51eCqp7J8OL._SY346_.jpgThe Dream Quest of Vellitt-Boe by Kij Johnson is exactly what we need more of in the modern mythos, if we refuse to break off our collective SF/F affair with Lovecraft. It isn’t an attempt to whitewash or ignore the most problematic aspects of the original stories at all, it is simply taking the setting and presenting it through fresh eyes. It’s similar to The Ballad of Black Tom in a way, where we are shown that the prior narrator (or narrators) of the place are very flawed and writing their biases in as factual. It’s a story taking place in the exact same world as Unkown Kadath but with the twist that those dreamers who recorded it before are largely from a male-dominated and regressive society where women and other races are ignored in favor of the white New England male viewpoint, because obviously he feels that he is the only one who matters. Basically treating all of Lovecraft’s most egregious stuff as if the characters hold Lovecraft’s views and his own bigotry informs how they record the world, rather than how the world is set up. In this case we’re treated to dreamlands through the eyes of a mathematics teacher at the Ulthar Women’s College, trying to track down one of her wayward students who may have run off with a Dreamer, one of the men who occasionally break through from “our” side of the dream veil and mess around on holiday, screwing things up for everyone except themselves. It’s definitely a feminist novel but not particularly in your face about it, which makes me think it may be a little more palatable to some of the more… shall we say entrenched mythos fanbase, something you might be able to lure people away from the same-old-same-old with. And that’s excellent.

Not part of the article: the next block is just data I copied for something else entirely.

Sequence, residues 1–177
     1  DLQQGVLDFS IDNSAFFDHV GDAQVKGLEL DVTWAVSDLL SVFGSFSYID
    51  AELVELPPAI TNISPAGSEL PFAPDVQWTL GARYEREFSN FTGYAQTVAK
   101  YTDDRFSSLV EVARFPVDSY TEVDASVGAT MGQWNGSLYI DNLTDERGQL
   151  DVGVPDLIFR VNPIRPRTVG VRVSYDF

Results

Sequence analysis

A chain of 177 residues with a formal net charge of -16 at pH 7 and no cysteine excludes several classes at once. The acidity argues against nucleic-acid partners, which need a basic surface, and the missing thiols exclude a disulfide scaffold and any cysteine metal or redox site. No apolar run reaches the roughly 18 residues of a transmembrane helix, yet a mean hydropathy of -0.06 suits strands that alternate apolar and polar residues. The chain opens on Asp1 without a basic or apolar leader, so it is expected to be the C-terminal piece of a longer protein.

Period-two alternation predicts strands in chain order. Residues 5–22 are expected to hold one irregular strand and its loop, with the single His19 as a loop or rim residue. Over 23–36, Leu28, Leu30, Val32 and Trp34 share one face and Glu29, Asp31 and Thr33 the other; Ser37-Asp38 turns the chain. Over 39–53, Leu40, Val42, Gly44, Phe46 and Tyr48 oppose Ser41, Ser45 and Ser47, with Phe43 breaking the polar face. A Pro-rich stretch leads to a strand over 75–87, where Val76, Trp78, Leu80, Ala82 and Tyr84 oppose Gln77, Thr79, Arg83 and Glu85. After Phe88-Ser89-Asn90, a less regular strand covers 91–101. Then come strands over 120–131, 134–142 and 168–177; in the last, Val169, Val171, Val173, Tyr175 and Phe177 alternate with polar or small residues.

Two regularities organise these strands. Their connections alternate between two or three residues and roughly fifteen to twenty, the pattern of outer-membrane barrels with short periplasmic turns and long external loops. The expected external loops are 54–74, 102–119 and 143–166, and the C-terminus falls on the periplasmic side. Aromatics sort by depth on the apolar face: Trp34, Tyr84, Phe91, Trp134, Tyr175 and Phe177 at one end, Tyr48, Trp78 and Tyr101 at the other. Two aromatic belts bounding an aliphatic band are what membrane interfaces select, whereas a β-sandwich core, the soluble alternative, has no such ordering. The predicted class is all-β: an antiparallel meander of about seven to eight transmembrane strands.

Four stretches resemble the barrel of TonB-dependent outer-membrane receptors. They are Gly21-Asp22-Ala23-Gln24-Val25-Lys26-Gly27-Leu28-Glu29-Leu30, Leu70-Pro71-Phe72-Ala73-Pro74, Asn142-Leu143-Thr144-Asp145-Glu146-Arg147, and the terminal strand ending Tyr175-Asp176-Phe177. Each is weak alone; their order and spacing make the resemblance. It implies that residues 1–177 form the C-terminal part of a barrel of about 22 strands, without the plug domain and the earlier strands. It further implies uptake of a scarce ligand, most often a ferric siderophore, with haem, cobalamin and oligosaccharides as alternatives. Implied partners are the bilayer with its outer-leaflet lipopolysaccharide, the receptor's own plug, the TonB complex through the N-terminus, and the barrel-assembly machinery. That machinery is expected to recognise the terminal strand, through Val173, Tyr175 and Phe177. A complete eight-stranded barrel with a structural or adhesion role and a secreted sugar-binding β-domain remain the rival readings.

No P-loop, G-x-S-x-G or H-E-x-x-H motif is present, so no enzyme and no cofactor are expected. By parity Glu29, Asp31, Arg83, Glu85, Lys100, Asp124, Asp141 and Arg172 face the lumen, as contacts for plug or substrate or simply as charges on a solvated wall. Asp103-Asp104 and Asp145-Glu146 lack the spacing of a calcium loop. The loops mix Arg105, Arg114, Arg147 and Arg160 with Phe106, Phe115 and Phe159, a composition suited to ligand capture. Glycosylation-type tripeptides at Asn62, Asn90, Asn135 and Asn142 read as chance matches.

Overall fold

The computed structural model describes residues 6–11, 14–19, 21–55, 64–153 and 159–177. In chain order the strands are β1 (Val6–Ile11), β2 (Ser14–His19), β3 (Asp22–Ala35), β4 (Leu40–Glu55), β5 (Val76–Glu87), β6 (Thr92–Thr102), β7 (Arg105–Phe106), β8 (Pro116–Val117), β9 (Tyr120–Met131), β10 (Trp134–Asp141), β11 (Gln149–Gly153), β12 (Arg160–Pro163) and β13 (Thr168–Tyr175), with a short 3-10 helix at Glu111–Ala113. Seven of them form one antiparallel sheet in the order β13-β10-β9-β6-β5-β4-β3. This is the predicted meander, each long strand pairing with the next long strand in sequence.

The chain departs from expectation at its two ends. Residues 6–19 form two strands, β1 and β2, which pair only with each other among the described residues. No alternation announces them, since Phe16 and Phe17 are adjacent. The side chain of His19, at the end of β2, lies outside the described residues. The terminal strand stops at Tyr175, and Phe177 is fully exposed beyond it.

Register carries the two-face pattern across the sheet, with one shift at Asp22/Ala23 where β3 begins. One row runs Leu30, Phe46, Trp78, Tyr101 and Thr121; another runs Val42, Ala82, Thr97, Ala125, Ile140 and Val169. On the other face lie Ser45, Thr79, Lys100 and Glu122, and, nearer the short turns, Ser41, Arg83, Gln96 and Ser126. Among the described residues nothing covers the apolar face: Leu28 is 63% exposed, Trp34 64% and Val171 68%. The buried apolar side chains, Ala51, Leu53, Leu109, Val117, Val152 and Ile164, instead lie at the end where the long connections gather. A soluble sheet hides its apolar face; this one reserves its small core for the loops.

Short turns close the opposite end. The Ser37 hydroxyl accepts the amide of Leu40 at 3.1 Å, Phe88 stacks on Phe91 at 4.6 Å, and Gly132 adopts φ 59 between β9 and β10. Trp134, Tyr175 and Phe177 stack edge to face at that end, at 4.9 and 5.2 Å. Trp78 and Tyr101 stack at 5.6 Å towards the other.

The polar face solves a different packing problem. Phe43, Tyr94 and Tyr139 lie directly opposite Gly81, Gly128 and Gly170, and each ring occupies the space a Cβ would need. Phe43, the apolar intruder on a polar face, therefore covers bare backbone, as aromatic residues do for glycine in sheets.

On a personal note I love the Dreamlands, they’re one of my favorite aspects of the mythos and I consider them incredibly underused, and while Cthulhu and kin have been done to death I will always at least try a story that explores the fever dream madness of the Lands. Few images captured my youthful imagination quite like the descriptions of Dylath-Leen and the harbors full of black galleys, crewed by the satyrlike Men of Leng in their long turbans, who would ferry their cargo to and from the moon at the behest of their rubbery and shapeless masters. To say nothing of Sarnath, host to one of the few stories where the “barbaric” natives get the last laugh over the decadent European colonists in the end, and Ulthar itself where cats are almost as powerful as they are here on the internet.